6 That resulted in a lot less rows! But it makes sense: any student who didn t also exist in the degrees table (i.e. they didn t graduate), couldn t be merged with the results from the student and term gpa table. Also note that the fact that we aren t actually displaying information from the degrees table is not relevant to the merge process. 2.1 Left and Right Joins But sometimes you don t want to eliminate un-merged rows, instead you would prefer blanks when row can not be matched. This is where left and right joins come in. Consider: 1 SELECT s. i d AS id, s. name AS name, t. gpa AS gpa, d. d egree AS d egree 3 JOIN term gpa AS t ON s. i d=t. i d 4 LEFT JOIN d e g r e e s AS d ON d. i d=s. i d AND t. term=d. term ; id name gpa degree 1 Edith Warton Edith Warton 3.51 EconS 2 Dorian Gray Dorian Gray Ophelia 3.70 CompS 3 Ophelia 3.70 MathS 4 Henry James Henry James 3.21 EngLT 4 Henry James Harper Lee 2.99 This is seemingly the same criteria as before, but this time if it can t find something in the degrees table it simply attaches null values (instead of eliminating the row). The left part of the left join indicates that every row found on the left side of the join (proceeding the join) should be shown. A right join is simply the opposite 1. Often times you actually care about which values have null when you attempt to join. For instance, let s say you wanted to find all students who didn t graduate as well as their GPA: 1 SELECT s. i d AS id, s. name AS name, t. gpa AS gpa 1 While left and right joins are both in the SQL syntax, right joins are not included in all databases. Given they do the same thing (it is just a matter of code arrangement), you should use left joins. 6

7 3 JOIN term gpa AS t ON s. i d=t. i d 4 LEFT JOIN d e g r e e s AS d ON d. i d=s. i d AND t. term<=d. term 5 WHERE d. i d IS NULL; id name gpa 2 Dorian Gray Dorian Gray Henry James Harper Lee 2.99 So, what we ve got here is people that are enrolled, but have not graduated, by term. Note how Henry James is still listed because he has enrolled in a semester after his last degree. 2.2 Grouping Let s try to clean this last result up. Maybe I don t want each students GPA by term, maybe I want an average. I also might want one row to represent one student. 1 SELECT s. i d AS id, MAX( s. name ) AS name, AVG( t. gpa ) AS gpa 3 JOIN term gpa AS t ON s. i d=t. i d 4 LEFT JOIN d e g r e e s AS d ON d. i d=s. i d AND t. term<=d. term 5 WHERE d. i d IS NULL 6 GROUP BY s. i d ; id name gpa 2 Dorian Gray Henry James Harper Lee 2.99 The concept of grouping is that you have a result and you are going to group it on some criteria. Aggregation functions (e.g. AVG, MAX, SUM, COUNT ) work in conjunction with the group. So, when you use an aggregation function, it is giving you the average, sum, whatever that are rolled-up for that particular row. It also of note that you must use an aggregation function on any column in your select list that you are not grouping on. This makes sense: you don t need to use aggregation on a column where 7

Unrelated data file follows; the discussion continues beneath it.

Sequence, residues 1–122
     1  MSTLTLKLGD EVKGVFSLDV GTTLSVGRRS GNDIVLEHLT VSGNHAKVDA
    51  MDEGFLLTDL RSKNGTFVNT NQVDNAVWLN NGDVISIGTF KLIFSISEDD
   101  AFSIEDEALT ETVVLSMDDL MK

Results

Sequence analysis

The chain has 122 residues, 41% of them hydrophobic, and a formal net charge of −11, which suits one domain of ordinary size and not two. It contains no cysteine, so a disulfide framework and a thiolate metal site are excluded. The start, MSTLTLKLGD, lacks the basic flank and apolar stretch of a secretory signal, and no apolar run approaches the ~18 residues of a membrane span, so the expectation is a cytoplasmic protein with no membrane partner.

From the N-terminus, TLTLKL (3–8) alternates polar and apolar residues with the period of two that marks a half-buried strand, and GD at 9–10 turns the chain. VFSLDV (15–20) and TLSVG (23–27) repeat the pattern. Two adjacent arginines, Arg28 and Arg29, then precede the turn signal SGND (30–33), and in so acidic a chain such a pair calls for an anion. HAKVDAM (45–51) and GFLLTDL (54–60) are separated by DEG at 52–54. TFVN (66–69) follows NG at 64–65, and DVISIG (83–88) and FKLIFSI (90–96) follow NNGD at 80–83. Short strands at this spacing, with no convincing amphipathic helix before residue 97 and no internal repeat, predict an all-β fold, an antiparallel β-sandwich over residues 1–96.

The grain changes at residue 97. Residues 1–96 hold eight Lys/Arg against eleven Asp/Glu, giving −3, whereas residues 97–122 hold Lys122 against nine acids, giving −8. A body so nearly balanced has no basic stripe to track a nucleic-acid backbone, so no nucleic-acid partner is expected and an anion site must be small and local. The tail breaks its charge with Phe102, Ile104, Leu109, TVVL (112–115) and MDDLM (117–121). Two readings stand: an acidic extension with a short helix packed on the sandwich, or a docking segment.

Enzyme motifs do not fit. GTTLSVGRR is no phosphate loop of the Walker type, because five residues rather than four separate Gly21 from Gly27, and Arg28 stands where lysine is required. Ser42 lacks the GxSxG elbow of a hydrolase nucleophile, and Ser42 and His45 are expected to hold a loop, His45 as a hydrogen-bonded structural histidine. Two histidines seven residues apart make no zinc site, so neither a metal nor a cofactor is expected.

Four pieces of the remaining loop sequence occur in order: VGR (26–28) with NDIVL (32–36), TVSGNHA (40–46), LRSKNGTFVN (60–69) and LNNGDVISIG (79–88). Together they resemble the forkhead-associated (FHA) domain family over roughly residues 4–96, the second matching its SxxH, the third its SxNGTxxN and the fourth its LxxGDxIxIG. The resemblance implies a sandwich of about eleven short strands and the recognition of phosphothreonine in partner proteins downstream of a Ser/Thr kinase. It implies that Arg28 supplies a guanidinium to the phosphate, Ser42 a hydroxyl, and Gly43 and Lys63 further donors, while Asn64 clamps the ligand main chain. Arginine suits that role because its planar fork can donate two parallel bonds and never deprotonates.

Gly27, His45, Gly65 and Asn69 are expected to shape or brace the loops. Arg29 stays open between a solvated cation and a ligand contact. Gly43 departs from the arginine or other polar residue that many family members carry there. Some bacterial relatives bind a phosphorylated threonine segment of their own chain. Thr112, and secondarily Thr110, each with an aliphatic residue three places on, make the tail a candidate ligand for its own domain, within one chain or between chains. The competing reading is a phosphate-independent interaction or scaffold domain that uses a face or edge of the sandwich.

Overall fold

8 you are grouping because they are all the same for each row (that s why they are grouped), but without the aggregation function on a non-grouped row, the database won t know which of the results for a given column/row to show. Admittedly, sometimes it looks a bit silly (as is the case with the MAX function, in the example, run on a string), but it is very consistent, which is what you want from a language. 2.3 Subquery Suppose for a moment that you wanted to get the inflation adjusted GPA of each student in the graduation term (we re assuming that GPA is inflated by 0.04 points per year) 2 : 1 SELECT s. i d AS id, MAX( s. name ) AS name, MIN(mGPA. gpa ) AS gpa 3 JOIN term gpa AS t ON s. i d=t. i d 4 JOIN d e g r e e s AS d ON d. i d=s. i d AND t. term<=d. term 5 JOIN ( 6 SELECT id, ( gpa (.04 ( term 2011) ) ) AS gpa, term 7 FROM term gpa 8 ) AS mgpa ON s. i d=mgpa. i d AND mgpa. term=d. term 9 GROUP BY s. i d ; id name gpa 1 Edith Warton Ophelia Henry James 3.17 This query involves a subquery, which is a query in its own right that is executed as a part of the larger query. In this case, the subquery is executed and produces a set of results that are then merged through the join process (much like if that data existed as a separate table). Subqueries don t have to be in any specific part of the main query. Let s say you you want to get the average GPA of each student and place it along with the students name: 1 SELECT id, name, ( 2 SELECT AVG( gpa ) 3 FROM term gpa 2 I m aware that this query could be constructed using a standard join, I ve constructed it in this form to demonstrate the use of a subquery 8